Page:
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#8 Edited by GERALTITUDE (5972 posts) -

@geraltitude said:

It's definitely better to default to something more time universal i.e. "the sequel to MGS4" rather than "the latest MGS"

I don't know about that. As I said, a lot of the time there isn't really enough information to discern exactly how a newly announced game relates to its predecessors, and simply assuming that it's a plain sequel can easily turn out to be wrong. As it turns out for example, MGSV is a sequel to MSG4 in name only, and more accurately described as a sequel to Peace Walker and a prequel to the original Metal Gear.

Ahhh you weren't supposed to take that literally to the very last drop. :P No offence but, it was just an example! I wasn't assuming it was a sequel, or telling anyone to assume the narrative relationships of games. If you don't have enough information, that doesn't necessarily justify committing text that by its nature has to be updated. If you want me to be literal the best way to write my previous statement would be to go pure facts as much as possible: MGSV is the XXth game in the Metal Gear franchise, or something like that.

Every situation is different, I feel that goes without saying. Rule number 1 is don't write anything you don't know about. My point is it is safer/better, when you can, to write in universal, non time specific language. In general. That's all.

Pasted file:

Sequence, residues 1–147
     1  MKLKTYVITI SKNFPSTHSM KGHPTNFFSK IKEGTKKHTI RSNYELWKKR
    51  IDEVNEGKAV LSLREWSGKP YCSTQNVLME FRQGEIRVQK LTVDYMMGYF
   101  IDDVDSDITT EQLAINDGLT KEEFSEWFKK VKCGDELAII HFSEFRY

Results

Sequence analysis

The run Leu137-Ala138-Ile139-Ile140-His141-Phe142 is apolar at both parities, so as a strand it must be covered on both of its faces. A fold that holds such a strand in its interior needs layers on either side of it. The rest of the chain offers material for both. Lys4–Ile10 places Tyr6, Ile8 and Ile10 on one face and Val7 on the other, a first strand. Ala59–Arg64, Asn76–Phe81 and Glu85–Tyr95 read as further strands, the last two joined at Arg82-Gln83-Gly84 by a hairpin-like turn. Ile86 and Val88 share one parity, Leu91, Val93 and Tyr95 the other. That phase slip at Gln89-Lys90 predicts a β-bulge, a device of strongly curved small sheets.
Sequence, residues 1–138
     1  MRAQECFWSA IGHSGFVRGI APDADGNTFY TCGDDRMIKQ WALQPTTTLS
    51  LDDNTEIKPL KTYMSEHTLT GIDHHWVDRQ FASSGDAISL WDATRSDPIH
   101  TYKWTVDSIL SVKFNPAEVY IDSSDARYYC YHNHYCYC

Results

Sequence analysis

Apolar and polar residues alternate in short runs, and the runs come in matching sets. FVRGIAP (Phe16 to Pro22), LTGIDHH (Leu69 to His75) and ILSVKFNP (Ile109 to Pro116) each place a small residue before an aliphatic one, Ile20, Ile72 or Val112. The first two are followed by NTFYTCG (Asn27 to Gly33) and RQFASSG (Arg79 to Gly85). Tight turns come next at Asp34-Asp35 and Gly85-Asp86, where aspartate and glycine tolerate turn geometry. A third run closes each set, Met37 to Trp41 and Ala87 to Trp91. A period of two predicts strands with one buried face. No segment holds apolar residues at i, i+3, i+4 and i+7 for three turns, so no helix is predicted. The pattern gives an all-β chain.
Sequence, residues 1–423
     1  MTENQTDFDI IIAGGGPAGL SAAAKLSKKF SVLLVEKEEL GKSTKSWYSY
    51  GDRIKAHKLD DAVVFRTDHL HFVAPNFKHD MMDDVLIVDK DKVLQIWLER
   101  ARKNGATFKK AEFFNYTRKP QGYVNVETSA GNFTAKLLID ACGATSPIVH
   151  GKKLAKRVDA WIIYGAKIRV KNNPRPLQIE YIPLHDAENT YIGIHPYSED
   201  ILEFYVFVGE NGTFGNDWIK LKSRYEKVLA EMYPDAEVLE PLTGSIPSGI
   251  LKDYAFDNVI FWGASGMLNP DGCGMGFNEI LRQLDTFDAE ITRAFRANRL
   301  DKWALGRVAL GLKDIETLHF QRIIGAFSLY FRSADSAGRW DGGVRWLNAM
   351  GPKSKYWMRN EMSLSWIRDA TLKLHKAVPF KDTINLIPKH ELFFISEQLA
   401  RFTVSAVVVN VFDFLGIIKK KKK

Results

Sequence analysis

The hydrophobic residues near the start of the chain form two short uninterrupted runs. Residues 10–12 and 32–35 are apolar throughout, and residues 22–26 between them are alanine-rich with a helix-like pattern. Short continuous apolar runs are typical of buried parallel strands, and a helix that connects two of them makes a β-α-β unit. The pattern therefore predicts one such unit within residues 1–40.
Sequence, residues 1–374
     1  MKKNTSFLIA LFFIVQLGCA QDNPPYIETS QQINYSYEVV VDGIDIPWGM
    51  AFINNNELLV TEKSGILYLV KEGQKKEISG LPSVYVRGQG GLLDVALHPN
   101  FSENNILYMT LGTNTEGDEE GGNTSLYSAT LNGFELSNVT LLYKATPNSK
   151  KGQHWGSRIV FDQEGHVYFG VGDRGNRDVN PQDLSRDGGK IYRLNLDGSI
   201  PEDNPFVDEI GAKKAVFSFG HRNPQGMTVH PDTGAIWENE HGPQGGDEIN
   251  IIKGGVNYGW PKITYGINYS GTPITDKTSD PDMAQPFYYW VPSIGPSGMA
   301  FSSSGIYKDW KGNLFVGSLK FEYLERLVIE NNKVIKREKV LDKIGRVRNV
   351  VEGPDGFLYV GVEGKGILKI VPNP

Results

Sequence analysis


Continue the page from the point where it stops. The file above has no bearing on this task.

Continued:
More popular games have a higher chance of being edited consistently and kept up-to-date, but the problem the OP is talking about happens because wikis don't get edited constantly. Different pages and different games maybe need different approaches too.

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#9 Edited by mento (4058 posts) -

I'm pretty much mirroring what GERALTITUDE already said, but:

Ideally, avoid using future tense in any circumstance. The tentative wiki style guide states that everything should be in the present tense anyway. Of course, that can run into issues where the present tense tends to sound a little more authoritative than is possible at the time - even just "a game in the Assassin's Creed series set in Victorian era London" for Assassin's Creed Syndicate might end up being inaccurate or incomplete if half the game turns out to take place in near-future Quebec or something.

Even so, I'd err on the side of underdeveloped present-tense descriptions in the deck and overview. They can be expanded later once the game is out and more information is available, but at least this way it has less chance of being erroneous (or grammatically incorrect, in the case of using future tense for a game that has since been released).

(It's kinda like the reverse of that old idiom about how a society grows great when old men plant trees whose shade they know they shall never sit in. Don't create work for others to do in the future by writing in the future tense, unless you fully intend to fix it later yourself.)